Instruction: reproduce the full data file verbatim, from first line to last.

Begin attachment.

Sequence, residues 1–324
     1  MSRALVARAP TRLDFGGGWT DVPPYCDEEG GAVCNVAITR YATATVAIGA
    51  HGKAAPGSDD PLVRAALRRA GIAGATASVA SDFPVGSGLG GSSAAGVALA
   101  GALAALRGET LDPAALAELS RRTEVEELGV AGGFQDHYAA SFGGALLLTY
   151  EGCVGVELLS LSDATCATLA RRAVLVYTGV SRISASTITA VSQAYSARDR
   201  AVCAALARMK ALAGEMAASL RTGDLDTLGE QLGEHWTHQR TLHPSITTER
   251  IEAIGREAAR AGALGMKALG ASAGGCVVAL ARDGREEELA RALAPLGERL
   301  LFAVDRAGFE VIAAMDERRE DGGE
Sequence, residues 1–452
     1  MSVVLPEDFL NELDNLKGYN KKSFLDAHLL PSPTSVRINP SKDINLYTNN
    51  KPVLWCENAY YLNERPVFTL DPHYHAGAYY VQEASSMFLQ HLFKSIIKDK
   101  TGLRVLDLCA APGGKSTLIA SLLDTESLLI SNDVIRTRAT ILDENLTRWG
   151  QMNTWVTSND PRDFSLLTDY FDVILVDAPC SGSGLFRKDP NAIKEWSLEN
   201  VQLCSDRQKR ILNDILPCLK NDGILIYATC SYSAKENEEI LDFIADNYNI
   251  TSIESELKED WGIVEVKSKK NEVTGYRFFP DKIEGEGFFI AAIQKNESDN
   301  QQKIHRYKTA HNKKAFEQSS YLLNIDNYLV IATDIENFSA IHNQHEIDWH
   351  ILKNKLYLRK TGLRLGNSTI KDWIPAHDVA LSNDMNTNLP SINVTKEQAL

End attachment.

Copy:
Sequence, residues 1–324
     1  MSRALVARAP TRLDFGGGWT DVPPYCDEEG GAVCNVAITR YATATVAIGA
    51  HGKAAPGSDD PLVRAALRRA GIAGATASVA SDFPVGSGLG GSSAAGVALA
   101  GALAALRGET LDPAALAELS RRTEVEELGV AGGFQDHYAA SFGGALLLTY
   151  EGCVGVELLS LSDATCATLA RRAVLVYTGV SRISASTITA VSQAYSARDR
   201  AVCAALARMK ALAGEMAASL RTGDLDTLGE QLGEHWTHQR TLHPSITTER
   251  IEAIGREAAR AGALGMKALG ASAGGCVVAL ARDGREEELA RALAPLGERL
   301  LFAVDRAGFE VIAAMDERRE DGGE
Sequence, residues 1–452
     1  MSVVLPEDFL NELDNLKGYN KKSFLDAHLL PSPTSVRINP SKDINLYTNN
    51  KPVLWCENAY YLNERPVFTL DPHYHAGAYY VQEASSMFLQ HLFKSIIKDK
   101  TGLRVLDLCA APGGKSTLIA SLLDTESLLI SNDVIRTRAT ILDENLTRWG
   151  QMNTWVTSND PRDFSLLTDY FDVILVDAPC SGSGLFRKDP NAIKEWSLEN
   201  VQLCSDRQKR ILNDILPCLK NDGILIYATC SYSAKENEEI LDFIADNYNI
   251  TSIESELKED WGIVEVKSKK NEVTGYRFFP DKIEGEGFFI AAIQKNESDN
   301  QQKIHRYKTA HNKKAFEQSS YLLNIDNYLV IATDIENFSA IHNQHEIDWH
   351  ILKNKLYLRK TGLRLGNSTI KDWIPAHDVA LSNDMNTNLP SINVTKEQAL